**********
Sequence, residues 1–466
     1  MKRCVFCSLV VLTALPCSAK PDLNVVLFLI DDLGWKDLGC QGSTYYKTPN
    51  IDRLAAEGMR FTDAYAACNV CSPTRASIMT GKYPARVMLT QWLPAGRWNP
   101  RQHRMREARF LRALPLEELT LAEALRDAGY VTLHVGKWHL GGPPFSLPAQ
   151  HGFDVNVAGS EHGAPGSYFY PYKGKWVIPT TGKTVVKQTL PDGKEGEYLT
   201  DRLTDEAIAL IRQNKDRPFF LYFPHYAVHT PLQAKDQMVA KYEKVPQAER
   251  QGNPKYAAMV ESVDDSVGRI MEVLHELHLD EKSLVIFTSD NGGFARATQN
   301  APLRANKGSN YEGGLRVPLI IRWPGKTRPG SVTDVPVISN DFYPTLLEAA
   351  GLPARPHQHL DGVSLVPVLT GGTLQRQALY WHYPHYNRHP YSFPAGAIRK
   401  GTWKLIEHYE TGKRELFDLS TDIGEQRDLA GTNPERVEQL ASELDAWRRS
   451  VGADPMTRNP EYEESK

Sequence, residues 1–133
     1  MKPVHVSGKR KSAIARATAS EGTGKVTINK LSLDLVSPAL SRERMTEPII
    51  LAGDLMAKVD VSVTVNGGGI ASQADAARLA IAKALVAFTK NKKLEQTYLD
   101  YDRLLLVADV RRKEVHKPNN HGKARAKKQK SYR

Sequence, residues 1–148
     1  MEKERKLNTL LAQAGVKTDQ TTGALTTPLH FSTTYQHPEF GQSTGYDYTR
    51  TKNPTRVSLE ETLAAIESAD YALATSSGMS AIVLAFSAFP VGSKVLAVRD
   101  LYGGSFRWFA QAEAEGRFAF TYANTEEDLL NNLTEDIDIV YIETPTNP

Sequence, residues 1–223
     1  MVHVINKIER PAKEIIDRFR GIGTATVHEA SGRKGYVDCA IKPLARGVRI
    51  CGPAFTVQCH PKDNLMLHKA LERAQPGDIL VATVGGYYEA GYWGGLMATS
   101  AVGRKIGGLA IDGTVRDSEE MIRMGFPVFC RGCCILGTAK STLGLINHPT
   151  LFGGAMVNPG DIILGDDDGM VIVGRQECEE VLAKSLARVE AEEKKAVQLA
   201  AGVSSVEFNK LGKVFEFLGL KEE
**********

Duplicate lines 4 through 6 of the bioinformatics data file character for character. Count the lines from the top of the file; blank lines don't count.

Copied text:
   101  RQHRMREARF LRALPLEELT LAEALRDAGY VTLHVGKWHL GGPPFSLPAQ
   151  HGFDVNVAGS EHGAPGSYFY PYKGKWVIPT TGKTVVKQTL PDGKEGEYLT
   201  DRLTDEAIAL IRQNKDRPFF LYFPHYAVHT PLQAKDQMVA KYEKVPQAER